Or is that already true for the present?

On January, 3rd, Franziska Köppe interviewed me for her blog FAHRRADkultur.
Here is the result:

Franziska’s message is “bike-riders will live longer lives”. Consequently, I certainly hope that she is right and that our life will not be terminated ahead of time by some motorized vehicle. And that it will not happen that, to make up for it, one more white bicycle will be sitting on a street or crossroad.

I hold Franziska in very high esteem. Consequently, I was a little cautious during the interview. My worst provocation was perhaps (citation from the interview):

“Car drivers are the coachmen of our times. Coachmen were not very well-liked, because whenever any of the common citizens were in their way as they drove through the narrow streets of the cities, they used their whips to beat them out of the way. In those days, coachmen were considered “scum and riff-raff“?!

I abide by all I said in the interview. Let me add that the more I live (and I mean “live” in the truest sense of the word) without a car, the more I am aware of how stupid and irrational it is to drive a car.

And that is true for many dimensions:

  • For the lie behind the image and reputation you subconsciously want to gain through owning a car.
  • For the challenging work you have to do as you sit behind a steering wheel, although you have grown used to it and thus ignore how strenuous it is. More than this: you actually lie to yourself and claim that you “enjoy the experience of driving” or “relax behind the steering wheel”. Your car is perceived as your “best friend” and a place where you “feel at home”.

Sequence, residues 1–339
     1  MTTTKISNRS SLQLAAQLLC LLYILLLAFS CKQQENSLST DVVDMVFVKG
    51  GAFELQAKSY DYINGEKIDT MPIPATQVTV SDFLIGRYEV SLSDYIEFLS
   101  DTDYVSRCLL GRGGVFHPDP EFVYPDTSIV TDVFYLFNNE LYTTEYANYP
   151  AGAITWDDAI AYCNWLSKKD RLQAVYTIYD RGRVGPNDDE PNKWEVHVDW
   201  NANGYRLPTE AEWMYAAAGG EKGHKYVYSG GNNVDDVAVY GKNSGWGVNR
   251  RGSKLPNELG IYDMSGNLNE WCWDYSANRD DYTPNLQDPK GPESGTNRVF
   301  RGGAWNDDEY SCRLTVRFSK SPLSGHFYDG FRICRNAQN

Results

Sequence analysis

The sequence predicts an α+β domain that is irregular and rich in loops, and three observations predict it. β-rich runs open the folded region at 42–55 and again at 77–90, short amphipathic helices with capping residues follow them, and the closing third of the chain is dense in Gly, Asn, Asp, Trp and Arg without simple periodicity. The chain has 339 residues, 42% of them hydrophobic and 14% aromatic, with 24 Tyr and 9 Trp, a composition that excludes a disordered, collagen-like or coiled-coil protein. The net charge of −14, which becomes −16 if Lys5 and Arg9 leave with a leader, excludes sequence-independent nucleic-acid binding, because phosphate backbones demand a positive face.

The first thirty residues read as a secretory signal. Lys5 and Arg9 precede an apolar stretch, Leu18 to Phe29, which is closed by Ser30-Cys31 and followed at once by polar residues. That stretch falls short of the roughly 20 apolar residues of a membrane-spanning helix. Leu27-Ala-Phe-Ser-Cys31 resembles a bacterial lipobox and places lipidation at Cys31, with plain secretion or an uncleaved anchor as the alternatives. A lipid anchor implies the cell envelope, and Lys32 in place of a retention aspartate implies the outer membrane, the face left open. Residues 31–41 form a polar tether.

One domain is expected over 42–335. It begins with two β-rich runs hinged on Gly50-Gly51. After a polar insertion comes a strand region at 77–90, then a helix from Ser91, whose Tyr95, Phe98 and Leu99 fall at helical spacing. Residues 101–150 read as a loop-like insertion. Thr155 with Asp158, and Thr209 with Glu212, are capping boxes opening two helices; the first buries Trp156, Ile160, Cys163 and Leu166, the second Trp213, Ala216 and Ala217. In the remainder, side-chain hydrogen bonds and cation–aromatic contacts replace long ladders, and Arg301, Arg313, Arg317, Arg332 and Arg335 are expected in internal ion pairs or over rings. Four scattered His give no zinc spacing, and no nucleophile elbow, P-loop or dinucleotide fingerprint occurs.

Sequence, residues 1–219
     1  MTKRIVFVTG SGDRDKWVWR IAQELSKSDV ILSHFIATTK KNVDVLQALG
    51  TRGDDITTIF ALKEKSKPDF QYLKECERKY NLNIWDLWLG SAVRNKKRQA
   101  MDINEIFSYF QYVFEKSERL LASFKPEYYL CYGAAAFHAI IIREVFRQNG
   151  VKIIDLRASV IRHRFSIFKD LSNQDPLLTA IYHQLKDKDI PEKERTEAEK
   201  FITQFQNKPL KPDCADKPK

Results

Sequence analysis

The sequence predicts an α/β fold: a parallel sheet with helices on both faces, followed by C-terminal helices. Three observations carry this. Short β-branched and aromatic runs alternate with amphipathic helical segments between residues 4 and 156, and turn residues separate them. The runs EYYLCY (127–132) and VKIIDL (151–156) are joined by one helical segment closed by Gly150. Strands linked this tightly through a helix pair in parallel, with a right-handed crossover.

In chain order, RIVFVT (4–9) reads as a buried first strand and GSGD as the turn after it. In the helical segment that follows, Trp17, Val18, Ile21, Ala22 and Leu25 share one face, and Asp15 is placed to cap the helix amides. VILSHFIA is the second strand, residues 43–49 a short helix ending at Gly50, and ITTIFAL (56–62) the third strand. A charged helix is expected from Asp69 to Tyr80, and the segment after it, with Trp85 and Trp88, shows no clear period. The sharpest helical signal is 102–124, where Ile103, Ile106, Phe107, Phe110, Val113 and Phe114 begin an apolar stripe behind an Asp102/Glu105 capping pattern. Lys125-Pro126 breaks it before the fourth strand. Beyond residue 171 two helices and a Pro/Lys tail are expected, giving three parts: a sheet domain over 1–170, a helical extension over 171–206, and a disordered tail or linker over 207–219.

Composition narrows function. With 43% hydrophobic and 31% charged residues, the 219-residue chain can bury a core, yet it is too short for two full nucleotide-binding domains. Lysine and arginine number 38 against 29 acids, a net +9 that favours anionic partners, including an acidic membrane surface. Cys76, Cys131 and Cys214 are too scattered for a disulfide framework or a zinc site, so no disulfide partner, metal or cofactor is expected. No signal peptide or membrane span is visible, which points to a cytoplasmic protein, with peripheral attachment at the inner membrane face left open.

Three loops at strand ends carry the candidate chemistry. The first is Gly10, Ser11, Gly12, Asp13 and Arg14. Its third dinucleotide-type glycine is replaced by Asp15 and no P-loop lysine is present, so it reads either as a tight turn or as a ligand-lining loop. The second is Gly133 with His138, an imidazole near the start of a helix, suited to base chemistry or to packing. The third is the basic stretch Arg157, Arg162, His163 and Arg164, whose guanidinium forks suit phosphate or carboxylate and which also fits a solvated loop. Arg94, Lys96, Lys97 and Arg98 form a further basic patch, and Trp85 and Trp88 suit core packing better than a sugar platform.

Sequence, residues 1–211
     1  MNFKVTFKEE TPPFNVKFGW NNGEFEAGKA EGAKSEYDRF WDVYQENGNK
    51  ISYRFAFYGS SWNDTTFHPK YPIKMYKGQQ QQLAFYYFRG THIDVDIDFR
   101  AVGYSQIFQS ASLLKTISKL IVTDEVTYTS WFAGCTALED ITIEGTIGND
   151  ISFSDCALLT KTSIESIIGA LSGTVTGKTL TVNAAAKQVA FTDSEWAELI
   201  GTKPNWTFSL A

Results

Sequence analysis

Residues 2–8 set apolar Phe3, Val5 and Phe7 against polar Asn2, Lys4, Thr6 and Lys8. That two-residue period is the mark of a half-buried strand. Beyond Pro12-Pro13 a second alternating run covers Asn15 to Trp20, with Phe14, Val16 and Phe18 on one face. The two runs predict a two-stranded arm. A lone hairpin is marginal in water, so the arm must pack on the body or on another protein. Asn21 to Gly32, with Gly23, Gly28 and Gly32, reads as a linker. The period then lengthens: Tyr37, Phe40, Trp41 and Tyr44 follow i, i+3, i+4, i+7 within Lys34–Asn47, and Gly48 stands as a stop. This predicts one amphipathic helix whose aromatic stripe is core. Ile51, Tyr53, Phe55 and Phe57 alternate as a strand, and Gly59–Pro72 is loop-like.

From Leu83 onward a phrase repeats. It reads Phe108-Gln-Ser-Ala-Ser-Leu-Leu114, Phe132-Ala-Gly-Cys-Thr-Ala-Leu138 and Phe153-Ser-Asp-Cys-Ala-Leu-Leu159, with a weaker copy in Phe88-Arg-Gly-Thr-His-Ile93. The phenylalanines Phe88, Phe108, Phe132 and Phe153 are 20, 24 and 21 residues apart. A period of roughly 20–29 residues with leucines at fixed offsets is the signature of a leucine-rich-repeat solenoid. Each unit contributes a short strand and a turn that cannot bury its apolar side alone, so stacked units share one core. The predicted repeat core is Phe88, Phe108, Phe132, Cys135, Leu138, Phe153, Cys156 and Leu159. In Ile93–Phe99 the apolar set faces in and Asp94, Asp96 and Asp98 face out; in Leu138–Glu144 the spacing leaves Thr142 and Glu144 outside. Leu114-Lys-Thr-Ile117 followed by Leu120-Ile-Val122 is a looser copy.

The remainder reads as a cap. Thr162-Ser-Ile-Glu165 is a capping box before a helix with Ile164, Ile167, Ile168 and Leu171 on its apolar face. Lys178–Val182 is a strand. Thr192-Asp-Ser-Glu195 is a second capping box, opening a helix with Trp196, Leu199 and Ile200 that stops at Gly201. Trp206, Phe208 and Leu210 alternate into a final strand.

• For the horrendous deprivation of exercise and fresh air you subject yourself to as a car driver. That is also true for the physical damage caused by constantly sitting and the negative consequences, including spinal problems.
  • For senselessly wasting time, especially if you drive a car. Using public transportation, you could take far better advantage of that time.
  • For the physical (considerably more than one million fatalities and far more seriously and not so seriously wounded persons) damage world-wide every year, as well as the psychological risk (double stress for instance when using the telephone while driving a car).
  • For how unfree a car makes you – it is the millstone around your neck – because you always have to go back to where it is parked.
  • For how you depend on the car: whenever there is a problem and it does not work, your personal world is under threat of destruction.
  • For how much of a burden a car is: How often do I hear people say – I have no time because my car needs to be picked up from the service/taken to the service. And the weekend is spent polishing it because you love it so much.
  • For how ruthless car drivers treat their environment and society. Neither pollution nor waste of energy are considered, the external additional costs of mobility are considerably higher if you drive a car than if you go by any other means of transportation. And we all pay the price.
  • For the fact that you accept the risk that you might kill or injure people, doing enormous damage to yourself in the process.…
  • … and for a lot more …

For me, driving a car thus gets more and more synonymous for living your life the wrong way. But:

Life is too short to live it the wrong way!

I know from personal experience that people who consider their car part of their own body like a wheelchair that has become essential to their life will under no circumstances agree with many of the points on this list. I can also relate from personal experience that it was very similar with smoking for me … you only really understand how bad it was when you no longer do it. But you know how hard it was to break with the habit.

RMD
(Translated by EG)

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